March 7th, 2017
Daily Market Commentary
- The Canadian economy posted a trade surplus of $810 million in January, above estimates.
- The Redbook Index, which measures same-store sales growth of US general merchandising companies, was reportedly down 0.8% and up 1% in month-over-month and year-over-year terms, respectively.
- Eurozone GDP was up 0.4% and 1.7% in quarter-over-quarter and year-over-year terms, respectively. Both figures were in line with estimates.
- Canadian stocks rose for a second day, reversing earlier losses, as energy shares led a rebound amid an analyst comment that the industry may have fallen too far too fast. Energy, telecom and financial shares rose at least 0.5 percent, offsetting losses among materials and health-care companies.
- Canadian pension fund manager Caisse de Depot et Placement du Quebec is among suitors vying to buy a stake in Kotak Mahindra Bank Ltd. being sold by India’s richest banker, people with knowledge of the matter said. The stake Kotak needs to sell is worth about 54 billion rupees ($810 million) based on Tuesday’s stock price.
- Canadian drugmaker Valeant is looking to pull off its most daring move yet to rein in a $30 billion debt load. Less than a year after senior lenders agreed to relax terms on Valeant’s credit agreement, it’s now asking those creditors to drop most of the restrictions altogether and for more time to repay. Creditors would get a small fee for that, and a higher rate for the longer maturities.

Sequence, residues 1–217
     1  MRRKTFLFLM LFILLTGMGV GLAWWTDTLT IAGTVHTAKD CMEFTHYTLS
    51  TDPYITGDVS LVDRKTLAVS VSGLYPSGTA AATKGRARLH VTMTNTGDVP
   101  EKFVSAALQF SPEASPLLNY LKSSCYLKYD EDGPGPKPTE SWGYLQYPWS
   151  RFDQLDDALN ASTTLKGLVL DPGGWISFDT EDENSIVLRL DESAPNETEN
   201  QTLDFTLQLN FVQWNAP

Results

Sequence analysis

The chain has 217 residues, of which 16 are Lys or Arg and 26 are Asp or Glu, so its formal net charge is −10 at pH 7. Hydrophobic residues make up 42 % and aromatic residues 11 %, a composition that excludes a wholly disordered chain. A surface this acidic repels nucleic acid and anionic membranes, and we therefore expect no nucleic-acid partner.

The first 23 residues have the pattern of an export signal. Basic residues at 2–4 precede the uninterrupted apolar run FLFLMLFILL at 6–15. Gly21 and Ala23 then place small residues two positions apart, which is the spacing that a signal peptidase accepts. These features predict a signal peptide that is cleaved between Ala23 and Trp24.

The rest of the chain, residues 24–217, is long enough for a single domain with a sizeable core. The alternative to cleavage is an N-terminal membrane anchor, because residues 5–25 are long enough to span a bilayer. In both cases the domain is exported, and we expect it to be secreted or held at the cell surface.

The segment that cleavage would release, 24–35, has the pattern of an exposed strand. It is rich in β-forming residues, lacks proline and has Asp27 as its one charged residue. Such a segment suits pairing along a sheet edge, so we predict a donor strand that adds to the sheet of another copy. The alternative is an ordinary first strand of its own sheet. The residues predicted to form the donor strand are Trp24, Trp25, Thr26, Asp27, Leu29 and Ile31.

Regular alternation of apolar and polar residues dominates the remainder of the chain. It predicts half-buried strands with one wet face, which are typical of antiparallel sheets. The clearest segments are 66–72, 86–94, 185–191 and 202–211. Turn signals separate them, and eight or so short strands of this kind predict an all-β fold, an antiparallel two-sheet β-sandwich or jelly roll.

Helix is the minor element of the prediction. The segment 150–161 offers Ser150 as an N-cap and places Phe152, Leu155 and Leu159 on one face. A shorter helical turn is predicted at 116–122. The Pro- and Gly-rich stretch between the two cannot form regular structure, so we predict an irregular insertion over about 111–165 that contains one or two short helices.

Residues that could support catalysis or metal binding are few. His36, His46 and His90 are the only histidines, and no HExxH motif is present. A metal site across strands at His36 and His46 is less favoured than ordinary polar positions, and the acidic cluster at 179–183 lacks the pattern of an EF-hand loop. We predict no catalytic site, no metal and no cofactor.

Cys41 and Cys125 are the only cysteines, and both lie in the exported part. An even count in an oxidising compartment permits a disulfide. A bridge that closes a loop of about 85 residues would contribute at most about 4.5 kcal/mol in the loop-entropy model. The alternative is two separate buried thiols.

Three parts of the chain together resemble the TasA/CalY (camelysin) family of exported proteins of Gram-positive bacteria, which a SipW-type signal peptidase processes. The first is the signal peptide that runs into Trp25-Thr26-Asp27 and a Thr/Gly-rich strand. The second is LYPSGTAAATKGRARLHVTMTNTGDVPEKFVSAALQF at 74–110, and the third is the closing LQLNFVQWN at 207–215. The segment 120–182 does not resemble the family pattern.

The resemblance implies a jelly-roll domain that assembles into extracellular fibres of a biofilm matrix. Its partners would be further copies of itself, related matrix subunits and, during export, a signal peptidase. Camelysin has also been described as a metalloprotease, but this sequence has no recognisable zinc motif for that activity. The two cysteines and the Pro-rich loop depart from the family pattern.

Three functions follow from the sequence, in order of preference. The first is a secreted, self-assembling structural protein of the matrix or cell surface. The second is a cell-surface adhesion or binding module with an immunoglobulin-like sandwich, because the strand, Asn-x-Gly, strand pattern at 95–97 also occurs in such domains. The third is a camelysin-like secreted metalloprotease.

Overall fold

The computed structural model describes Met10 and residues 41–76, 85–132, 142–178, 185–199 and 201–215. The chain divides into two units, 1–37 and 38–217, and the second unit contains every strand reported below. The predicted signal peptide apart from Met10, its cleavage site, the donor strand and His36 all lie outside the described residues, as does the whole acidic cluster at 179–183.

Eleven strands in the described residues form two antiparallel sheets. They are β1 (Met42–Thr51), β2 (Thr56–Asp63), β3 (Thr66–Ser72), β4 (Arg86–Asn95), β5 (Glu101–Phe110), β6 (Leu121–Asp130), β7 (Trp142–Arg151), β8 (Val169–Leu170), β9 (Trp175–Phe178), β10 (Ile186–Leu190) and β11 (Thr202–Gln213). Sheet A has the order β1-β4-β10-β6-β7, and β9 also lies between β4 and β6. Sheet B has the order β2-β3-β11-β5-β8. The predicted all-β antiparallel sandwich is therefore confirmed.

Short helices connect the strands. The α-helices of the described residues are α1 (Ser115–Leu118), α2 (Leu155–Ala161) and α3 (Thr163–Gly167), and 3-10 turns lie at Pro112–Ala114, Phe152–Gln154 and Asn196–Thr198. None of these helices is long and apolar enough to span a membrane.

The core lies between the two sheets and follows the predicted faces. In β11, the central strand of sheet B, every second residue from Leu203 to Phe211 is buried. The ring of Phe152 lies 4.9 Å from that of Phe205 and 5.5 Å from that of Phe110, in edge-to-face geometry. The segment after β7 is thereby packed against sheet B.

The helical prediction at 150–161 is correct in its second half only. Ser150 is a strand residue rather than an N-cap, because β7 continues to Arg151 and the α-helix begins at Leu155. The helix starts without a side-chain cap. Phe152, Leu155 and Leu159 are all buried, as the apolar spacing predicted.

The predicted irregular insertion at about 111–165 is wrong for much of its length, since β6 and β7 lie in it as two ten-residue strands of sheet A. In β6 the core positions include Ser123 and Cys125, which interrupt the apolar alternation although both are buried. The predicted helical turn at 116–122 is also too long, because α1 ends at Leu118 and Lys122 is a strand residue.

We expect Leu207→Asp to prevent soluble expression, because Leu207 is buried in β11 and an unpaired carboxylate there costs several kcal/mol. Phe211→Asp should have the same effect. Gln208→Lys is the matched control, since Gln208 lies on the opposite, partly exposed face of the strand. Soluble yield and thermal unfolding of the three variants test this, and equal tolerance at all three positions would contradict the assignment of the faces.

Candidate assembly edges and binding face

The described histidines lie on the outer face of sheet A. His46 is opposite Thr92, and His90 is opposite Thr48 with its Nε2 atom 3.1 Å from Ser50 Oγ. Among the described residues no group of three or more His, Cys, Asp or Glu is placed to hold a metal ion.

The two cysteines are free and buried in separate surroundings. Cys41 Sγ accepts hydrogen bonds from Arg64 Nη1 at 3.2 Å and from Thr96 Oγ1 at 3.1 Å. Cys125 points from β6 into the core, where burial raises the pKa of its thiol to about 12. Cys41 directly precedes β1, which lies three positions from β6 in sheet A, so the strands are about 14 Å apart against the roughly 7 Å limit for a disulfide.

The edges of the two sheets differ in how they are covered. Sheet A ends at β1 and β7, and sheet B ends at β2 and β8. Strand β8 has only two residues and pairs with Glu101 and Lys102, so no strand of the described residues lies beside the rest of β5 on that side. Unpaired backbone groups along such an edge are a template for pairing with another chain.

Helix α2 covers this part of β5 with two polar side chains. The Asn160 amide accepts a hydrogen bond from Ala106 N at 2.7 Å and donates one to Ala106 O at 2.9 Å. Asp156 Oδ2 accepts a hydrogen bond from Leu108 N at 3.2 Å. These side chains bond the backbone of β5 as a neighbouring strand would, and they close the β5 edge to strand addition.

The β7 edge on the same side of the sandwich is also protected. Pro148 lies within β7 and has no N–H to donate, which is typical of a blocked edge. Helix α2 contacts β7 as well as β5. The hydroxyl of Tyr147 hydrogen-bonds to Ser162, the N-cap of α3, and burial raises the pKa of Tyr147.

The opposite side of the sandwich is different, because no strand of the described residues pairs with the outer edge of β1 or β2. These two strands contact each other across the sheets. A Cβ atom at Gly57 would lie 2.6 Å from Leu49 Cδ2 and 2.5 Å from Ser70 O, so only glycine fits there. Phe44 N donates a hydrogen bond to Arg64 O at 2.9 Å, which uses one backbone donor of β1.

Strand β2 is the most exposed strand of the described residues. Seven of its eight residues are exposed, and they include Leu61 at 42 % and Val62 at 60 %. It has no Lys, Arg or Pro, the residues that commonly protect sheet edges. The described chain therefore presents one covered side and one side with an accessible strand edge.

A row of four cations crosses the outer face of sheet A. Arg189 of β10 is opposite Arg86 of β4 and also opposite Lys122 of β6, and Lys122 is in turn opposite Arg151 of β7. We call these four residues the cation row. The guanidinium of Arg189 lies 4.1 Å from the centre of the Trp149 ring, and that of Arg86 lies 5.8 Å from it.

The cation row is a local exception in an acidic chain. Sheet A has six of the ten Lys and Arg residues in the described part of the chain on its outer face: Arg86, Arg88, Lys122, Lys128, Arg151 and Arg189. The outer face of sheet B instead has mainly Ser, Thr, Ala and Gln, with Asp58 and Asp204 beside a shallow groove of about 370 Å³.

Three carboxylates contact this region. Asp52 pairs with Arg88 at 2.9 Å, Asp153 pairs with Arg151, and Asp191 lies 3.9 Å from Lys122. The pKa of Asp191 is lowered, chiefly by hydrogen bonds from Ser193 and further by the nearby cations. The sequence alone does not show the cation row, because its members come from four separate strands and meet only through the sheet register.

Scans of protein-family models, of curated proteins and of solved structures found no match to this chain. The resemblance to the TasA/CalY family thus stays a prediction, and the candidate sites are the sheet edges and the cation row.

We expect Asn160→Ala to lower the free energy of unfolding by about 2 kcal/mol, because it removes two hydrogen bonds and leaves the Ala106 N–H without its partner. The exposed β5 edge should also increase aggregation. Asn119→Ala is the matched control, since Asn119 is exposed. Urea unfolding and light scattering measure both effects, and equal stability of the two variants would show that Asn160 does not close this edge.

- Republicans unveiled their long-awaited legislation to repeal and replace the Affordable Care Act, proposing to phase out key parts of the law over several years as they try to break through a stalemate between moderates and conservatives in their party. Called the American Health Care Act, House Republicans’ proposal includes a refundable, age-based tax credit to help people buy insurance.
- Shares of U.S. companies less affected by economic cycles have more room to rebound in the next three to six months, according to BCA Research. The FTSE Defensive Index has climbed as much as 5.8 percent against the FTSE Cyclical Index since Dec. 8, when the ratio between them dropped to the lowest level since they were introduced in 2013.
- After a euphoric market debut, Snap Inc. shares dropped for the first time in three days and fell below the opening price of $24 on their first day of public trading after analysts began weighing in with their thoughts on the company’s true valuation.
- European stocks were little changed, as investors assessed the last batch of earnings results this season while focus shifts to the European Central Bank’s meeting on Thursday. Mining shares rose the most, bouncing back from a three-day drop, while PSA Group led automakers higher.
- Electricite de France SA, Europe’s biggest power producer, began a sale of 4 billion euros ($4.2 billion) of shares to bolster its balance sheet and help fund a planned nuclear plant in southwest England.
- Asian stocks rose a second day as investors looked beyond a near-certain U.S. interest-rate increase this month, and energy companies advanced on the likelihood of further output cuts by OPEC amid global oversupply.
- China’s foreign-currency reserves unexpectedly halted a seven-month losing streak, rising in February amid tighter controls on capital outflows and a rally in the yuan. The stockpile increased by $6.9 billion to $3.005 trillion last month, the People’s Bank of China said Tuesday.
- China is taking steps to support its stock market during this week’s National People’s Congress, including a ban on net share sales by some large mutual funds, according to people familiar with the matter. Regulators ordered the funds to avoid net selling during the annual meeting of Chinese lawmakers in Beijing, which runs through the middle of next week.
*All sources from Bloomberg unless otherwise specified